I've heard that some people are immune to poison ivy/oak. Is that also possible with wild parsnip? (Note: I am NOT one of those who are immune to poison ivy/oak.)

    I've heard Queen Anne's Lace called wild carrot. Is this true?

  4. The rash comes from the sap in the plant, so lightly brushing the leaves is not likely to cause problems.

    Yes, Queen Anne's lace is sometimes called wild carrot. To be clear, the botanical name of the plant we're referring to is Daucus carota. More information:

  5. D Michaels says:

    Is wild parsnip (I've heard it called “Poison Parsnip” usually lately) new to the area or is it native? I grew up in the area and learned about poison ivy/oak but only last year first heard or noticed poison parsnip – now it seems to be everywhere! Is it just a matter of noticing something and then you see it everywhere or is this new to the area? And, is it pushing out the Queen Anne's Lace plants?

  6. The plant comes from Europe and Asia, and it has indeed been spreading more rapidly in recent years. It's not a new arrival though; the Wisconsin Department of Natural Resources has found records of this plant in the state from as early as 1894:

  7. Rachel says:

    My son was exposed to this plant when he was helping clear some brush. It was a hot, sunny day, and the combination of his sweat and the sunlight caused a reaction to the toxins in the plant. The following year, when he was out in the sun, the rash reappeared without any new exposure to the plant. He has scars which persist 3 years later. This plant, like Queen Anne's Lace and Parsley, is a biennial. However, its seeds can live for several years. Unless you are very vigilant, it's a difficult plant to get rid of.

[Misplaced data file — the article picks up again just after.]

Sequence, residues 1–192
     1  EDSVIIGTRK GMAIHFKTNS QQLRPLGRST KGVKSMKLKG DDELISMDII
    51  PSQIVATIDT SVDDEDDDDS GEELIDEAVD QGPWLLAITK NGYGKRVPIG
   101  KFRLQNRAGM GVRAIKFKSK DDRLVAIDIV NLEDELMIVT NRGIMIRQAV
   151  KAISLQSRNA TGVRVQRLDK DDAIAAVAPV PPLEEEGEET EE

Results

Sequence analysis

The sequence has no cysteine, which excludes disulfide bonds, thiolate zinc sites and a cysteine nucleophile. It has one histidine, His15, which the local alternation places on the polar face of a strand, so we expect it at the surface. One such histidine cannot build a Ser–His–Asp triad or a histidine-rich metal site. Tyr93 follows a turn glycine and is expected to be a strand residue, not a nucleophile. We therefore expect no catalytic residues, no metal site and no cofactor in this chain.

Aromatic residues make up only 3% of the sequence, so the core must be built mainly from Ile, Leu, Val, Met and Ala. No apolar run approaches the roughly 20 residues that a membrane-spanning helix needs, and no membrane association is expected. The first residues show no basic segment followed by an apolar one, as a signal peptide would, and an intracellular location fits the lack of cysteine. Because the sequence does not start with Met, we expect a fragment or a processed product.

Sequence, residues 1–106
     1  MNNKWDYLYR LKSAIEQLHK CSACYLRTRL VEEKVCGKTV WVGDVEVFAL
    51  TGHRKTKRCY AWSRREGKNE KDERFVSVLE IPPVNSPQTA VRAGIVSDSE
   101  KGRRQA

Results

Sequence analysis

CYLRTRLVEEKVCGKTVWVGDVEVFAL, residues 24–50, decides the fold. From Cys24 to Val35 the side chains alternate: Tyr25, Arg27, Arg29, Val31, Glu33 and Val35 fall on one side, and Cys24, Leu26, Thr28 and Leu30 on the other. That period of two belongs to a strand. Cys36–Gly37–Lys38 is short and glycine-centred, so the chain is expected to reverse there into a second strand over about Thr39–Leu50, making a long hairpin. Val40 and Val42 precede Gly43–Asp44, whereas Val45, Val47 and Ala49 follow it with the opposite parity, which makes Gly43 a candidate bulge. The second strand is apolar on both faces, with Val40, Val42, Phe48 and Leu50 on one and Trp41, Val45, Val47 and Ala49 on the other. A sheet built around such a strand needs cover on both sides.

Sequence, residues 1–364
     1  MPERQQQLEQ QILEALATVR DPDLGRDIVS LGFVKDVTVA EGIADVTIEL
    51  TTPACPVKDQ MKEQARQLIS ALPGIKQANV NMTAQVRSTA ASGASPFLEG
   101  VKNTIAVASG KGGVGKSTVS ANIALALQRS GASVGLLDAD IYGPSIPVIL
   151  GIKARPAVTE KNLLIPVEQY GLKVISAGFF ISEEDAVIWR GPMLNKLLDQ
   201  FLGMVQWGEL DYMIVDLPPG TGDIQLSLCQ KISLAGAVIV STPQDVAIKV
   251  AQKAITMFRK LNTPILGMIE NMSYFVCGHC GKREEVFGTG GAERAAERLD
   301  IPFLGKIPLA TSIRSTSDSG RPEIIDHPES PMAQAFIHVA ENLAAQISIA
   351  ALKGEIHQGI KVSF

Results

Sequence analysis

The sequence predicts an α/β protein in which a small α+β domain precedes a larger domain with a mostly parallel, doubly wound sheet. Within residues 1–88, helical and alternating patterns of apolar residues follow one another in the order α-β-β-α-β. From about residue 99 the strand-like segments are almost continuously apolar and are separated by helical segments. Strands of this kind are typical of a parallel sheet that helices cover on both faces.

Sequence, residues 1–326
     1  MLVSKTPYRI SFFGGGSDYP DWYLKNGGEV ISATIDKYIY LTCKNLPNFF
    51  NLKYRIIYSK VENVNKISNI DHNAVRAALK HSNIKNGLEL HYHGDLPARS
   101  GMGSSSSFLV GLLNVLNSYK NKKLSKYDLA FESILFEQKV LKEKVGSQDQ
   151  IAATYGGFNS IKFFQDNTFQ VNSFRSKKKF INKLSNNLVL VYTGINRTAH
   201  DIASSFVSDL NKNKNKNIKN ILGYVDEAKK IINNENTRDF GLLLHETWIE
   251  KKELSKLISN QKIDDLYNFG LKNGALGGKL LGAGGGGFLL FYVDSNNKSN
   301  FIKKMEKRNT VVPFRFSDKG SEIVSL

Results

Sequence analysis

8. Rachel says:

    This comment has been removed by the author.

  9. LadyFville says:

    WARNING: this plant is also called HOGWEED and there is currently a government grant being implemented to eradicate it in New York State – contact your local DEC office if you locate plants in your area!!

  10. Anonymous says:

    hogweed and wild parsnip are two different plants. Hog weed definitely burns the skin but I've never heard of parsnip doing the same. Are we getting the two confused?

  11. The NY State Dept. of Transportation has a web page called “Dangerous Plants” with photos and descriptions of giant hogweed, cow parsnip and wild parsnip:

  12. Paul says:

    It almost looks like golden rod.

  13. Karen says:

    Here in Western New York, all of the publicity I've seen has called it “giant hogweed” and it's definitely the same plant. Around here, they can also appear with white or whitish flowers, so that they look a lot like a gigantic Queen Anne's Lace. I had the misfortune to pull one of them out of my flower bed a few years ago. I was wearing gloves but I still got a severe rash on my arms with burn-like blisters. Very nasty!

  14. Daryle says:

    The root of wild parsnip is very edible. Do not attempt to harvest it until a few killing frosts tenderize the root. The stem is still dangerous for most people to touch, harvest carefully. It should be noted that the stem and leaves from domestic parsnip can also burn some people. Steam or parboil roots until tender and saute in butter until nicely browned.